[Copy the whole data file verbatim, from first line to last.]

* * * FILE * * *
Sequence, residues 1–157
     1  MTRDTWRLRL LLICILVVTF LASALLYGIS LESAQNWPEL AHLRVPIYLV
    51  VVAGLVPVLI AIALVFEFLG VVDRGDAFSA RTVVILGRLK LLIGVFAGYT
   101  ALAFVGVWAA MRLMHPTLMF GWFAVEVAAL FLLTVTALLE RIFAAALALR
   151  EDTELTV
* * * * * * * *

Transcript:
Sequence, residues 1–157
     1  MTRDTWRLRL LLICILVVTF LASALLYGIS LESAQNWPEL AHLRVPIYLV
    51  VVAGLVPVLI AIALVFEFLG VVDRGDAFSA RTVVILGRLK LLIGVFAGYT
   101  ALAFVGVWAA MRLMHPTLMF GWFAVEVAAL FLLTVTALLE RIFAAALALR
   151  EDTELTV